This is a breaking story and will be updated.
Fresh off a tight reelection win in a competitive Orange County district, U.S. Congressional Rep. Katie Porter (D-Irvine) has thrown her hat into the ring for Dianne Feinstein’s Senate seat in an election that’s two years away.
The announcement came in a Tuesday tweet:
“California needs a warrior in the Senate—to stand up to special interests, fight the dangerous imbalance in our economy, and hold so-called leaders like Mitch McConnell accountable for rigging our democracy.”
Feinstein, the 89-year-old from San Francisco, has not said whether she’ll run for reelection. Though the names of other Democrats like Adam Schiff and Ro Khanna have come up as possible candidates.
Democratic Party of Orange County Chair Ada Briceño reacted to Porter’s announcement with the following text message to a reporter:
“There is no question Congresswoman Porter’s Senate run has Democrats in Orange County very excited. Her track record for standing up to special interests demonstrates she would be an outstanding member of the US Senate.”
Porter’s bid means that Orange County could get its own senator in a state where most of the power base has been up north, exemplified by figures like former U.S. senators Kamala Harris and Barbara Boxer.
In the San Francisco Bay Area, “You can leapfrog to say the governorship or state or national politics because you have consolidated government,” said Fred Smoller, a political science professor at Chapman University.
“In San Francisco, they have one city, one county, it’s merged. Someone who becomes mayor of a major city like that, you automatically get shortlisted for something like the governorship. So once you can capture that, my God, you can leapfrog as Newsom did … he was mayor of San Francisco.”
Despite having a larger population than metropolitan areas like San Francisco, the path to higher office isn’t as clear-cut in Orange County, where “we’re too dispersed. We’re across 34 cities. Structurally there are some problems for our politicians. It’s really hard for our talent to get up there,” Smoller said.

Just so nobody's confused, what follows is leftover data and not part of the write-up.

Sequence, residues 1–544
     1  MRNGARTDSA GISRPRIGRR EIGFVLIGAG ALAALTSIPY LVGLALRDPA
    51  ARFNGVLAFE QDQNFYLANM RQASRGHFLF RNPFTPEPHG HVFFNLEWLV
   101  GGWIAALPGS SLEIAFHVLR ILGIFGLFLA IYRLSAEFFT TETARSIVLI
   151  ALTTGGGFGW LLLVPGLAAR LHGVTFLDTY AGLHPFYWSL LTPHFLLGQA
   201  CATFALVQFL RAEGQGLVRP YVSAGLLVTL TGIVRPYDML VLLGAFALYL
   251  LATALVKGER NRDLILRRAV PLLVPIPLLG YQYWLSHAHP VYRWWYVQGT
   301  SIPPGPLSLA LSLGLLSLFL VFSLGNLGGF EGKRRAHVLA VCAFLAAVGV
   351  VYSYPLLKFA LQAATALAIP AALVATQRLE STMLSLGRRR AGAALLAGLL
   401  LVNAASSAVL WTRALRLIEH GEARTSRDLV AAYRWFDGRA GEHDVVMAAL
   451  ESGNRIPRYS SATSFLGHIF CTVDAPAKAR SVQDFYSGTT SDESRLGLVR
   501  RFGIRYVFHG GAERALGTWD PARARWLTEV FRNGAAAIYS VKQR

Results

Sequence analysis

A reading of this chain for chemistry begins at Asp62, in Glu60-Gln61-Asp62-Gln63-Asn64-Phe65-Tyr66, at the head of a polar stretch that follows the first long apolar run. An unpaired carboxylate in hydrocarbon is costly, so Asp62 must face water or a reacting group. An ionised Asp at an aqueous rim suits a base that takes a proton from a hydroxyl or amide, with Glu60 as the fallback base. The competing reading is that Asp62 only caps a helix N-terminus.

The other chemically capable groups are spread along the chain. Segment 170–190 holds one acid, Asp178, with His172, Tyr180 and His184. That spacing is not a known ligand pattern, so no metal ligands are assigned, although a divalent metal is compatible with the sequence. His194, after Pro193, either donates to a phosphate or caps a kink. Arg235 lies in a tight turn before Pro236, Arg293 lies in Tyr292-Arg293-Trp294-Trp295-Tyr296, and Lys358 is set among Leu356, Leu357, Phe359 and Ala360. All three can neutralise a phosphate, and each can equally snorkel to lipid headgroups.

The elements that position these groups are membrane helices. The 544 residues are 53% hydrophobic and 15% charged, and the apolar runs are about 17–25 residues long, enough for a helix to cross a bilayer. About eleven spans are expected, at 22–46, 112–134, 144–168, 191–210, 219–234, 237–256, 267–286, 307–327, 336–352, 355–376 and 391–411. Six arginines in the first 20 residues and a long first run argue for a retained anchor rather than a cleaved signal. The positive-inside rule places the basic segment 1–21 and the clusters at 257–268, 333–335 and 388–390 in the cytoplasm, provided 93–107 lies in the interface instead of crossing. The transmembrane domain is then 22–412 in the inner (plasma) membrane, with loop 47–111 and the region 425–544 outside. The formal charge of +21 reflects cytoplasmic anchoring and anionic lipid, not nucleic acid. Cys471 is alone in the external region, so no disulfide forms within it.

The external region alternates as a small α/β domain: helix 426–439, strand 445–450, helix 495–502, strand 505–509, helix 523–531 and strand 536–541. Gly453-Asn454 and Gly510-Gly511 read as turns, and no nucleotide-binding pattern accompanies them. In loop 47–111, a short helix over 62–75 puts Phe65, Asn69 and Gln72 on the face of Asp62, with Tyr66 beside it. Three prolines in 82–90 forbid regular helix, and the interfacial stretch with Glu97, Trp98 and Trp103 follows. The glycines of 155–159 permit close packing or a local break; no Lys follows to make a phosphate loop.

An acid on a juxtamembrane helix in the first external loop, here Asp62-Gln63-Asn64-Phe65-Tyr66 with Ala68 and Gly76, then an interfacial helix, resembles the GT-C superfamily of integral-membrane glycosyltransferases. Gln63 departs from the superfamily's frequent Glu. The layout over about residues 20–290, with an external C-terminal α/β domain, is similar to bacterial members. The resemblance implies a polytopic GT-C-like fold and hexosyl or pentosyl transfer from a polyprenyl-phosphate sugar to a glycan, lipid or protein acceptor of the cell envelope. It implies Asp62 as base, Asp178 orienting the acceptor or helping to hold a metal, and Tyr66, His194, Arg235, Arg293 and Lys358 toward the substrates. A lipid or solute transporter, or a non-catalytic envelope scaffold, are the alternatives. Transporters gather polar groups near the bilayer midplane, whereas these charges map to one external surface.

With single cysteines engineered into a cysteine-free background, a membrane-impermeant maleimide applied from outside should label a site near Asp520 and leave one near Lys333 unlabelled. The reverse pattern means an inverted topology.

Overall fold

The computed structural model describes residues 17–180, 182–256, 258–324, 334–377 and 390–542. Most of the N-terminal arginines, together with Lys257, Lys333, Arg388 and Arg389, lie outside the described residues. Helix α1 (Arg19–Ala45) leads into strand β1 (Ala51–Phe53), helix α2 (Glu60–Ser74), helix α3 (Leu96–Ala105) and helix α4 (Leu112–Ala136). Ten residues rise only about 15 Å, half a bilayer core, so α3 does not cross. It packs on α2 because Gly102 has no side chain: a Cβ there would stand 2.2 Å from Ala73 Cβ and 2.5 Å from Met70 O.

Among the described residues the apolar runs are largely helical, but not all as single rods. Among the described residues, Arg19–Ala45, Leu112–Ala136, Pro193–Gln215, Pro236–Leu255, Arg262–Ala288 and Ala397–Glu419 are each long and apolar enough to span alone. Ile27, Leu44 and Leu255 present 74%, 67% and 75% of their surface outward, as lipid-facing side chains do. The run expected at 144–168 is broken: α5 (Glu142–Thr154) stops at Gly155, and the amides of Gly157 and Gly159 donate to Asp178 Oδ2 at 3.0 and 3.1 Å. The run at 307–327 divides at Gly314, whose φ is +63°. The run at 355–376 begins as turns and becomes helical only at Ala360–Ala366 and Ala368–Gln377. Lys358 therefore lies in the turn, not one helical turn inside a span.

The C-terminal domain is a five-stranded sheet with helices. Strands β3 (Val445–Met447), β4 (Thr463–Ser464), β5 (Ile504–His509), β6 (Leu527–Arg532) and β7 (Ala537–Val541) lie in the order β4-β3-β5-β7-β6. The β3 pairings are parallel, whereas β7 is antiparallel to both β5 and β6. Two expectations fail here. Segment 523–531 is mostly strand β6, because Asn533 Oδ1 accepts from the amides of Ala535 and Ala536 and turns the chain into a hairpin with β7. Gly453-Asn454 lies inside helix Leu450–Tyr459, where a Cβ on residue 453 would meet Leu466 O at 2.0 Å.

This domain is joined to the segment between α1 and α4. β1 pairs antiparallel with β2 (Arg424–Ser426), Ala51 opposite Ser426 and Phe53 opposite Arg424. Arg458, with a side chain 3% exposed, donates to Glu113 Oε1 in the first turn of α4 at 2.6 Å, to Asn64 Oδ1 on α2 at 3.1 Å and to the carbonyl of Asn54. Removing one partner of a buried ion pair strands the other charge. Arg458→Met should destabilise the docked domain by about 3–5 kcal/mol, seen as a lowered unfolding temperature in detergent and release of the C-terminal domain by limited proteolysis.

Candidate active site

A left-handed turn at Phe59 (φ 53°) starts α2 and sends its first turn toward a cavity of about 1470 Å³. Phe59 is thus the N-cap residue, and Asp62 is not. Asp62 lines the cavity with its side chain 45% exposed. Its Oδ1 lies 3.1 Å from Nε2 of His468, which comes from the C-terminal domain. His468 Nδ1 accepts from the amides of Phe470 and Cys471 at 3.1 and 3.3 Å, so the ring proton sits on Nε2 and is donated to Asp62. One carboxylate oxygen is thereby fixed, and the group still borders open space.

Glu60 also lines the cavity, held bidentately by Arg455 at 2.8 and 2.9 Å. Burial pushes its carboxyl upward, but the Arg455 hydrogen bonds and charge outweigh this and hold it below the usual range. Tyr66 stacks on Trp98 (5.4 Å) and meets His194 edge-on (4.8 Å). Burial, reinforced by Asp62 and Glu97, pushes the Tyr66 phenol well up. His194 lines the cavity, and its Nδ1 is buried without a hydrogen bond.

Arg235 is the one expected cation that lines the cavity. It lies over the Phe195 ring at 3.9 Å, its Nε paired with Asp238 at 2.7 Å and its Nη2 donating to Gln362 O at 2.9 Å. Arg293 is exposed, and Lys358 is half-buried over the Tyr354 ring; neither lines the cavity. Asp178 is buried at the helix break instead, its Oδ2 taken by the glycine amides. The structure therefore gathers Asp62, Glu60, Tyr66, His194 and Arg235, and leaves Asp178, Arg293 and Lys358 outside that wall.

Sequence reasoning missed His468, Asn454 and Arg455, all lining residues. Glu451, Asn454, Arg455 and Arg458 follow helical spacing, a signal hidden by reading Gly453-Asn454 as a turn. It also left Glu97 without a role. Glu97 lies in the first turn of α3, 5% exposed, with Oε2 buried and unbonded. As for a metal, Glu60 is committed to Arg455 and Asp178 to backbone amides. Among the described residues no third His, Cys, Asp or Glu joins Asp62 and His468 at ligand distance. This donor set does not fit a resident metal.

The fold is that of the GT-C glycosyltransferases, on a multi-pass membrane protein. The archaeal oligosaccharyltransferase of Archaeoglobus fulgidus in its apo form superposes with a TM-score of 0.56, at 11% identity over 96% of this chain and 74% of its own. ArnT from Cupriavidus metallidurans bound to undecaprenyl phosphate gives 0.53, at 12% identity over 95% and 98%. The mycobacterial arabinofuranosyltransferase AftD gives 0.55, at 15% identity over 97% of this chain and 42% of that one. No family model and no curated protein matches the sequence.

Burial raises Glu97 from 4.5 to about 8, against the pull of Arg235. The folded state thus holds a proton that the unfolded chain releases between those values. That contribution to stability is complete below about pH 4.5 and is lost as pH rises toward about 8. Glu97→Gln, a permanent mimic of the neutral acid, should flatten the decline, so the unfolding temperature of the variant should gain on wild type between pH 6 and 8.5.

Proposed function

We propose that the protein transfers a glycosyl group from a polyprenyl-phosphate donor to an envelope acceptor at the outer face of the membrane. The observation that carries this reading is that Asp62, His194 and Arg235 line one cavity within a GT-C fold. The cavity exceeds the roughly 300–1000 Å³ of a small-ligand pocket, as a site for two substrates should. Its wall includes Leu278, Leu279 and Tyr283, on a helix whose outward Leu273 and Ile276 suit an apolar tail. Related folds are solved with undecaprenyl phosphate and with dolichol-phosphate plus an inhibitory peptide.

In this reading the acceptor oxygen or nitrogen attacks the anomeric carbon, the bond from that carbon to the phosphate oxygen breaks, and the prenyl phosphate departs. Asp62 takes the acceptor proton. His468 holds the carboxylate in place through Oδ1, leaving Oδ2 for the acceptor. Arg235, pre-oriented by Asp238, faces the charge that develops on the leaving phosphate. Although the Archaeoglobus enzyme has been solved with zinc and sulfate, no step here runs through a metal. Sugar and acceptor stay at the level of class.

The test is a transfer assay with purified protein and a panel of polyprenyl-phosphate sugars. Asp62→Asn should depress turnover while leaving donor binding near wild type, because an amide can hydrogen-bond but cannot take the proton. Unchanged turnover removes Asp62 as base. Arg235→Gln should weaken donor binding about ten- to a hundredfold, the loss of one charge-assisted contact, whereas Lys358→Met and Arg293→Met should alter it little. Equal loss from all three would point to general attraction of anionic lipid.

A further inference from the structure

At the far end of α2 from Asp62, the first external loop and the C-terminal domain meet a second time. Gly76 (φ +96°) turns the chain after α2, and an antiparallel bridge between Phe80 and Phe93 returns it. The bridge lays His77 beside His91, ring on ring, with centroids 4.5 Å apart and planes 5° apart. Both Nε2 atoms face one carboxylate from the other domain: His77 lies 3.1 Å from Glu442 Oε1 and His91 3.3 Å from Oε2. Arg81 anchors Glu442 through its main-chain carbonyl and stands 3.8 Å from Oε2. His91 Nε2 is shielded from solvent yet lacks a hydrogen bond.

“That’s what makes Katie Porter’s run really unique.”
As a candidate, Porter stands out not only for being “from the progressive caucus,” but being “a progressive who won from a competitive district – which is a different experience than many of the others, who are coming from relatively safe districts,” said Stephen Stambough, a political science professor at Cal State Fullerton, in a Tuesday phone interview.
In the most recent Congressional election, Porter beat her Republican challenger, Scott Baugh, by more than 9,000 votes to represent an area that spans Irvine and a handful of coastal cities.
Now her Senate bid opens up the possibility for candidates like Baugh to run for her current seat in two years.
Reacting to Porter’s announcement in a brief phone interview on Tuesday, Baugh said he would run for Porter’s House seat – the first to announce his candidacy in that future race.
Later, he announced his run on Twitter:
“Voters are rightfully upset with the dysfunction in Washington and deserve better. I am ready to go to work to restore thoughtful, conservative representation to our part of Orange County. That’s why I’m running for #CA47 in 2024.”
For Porter, announcing a run this early could mean early momentum – and campaign money – for the race in 2024, Stambough said.
“It sounds like a long time but not for a statewide campaign.”
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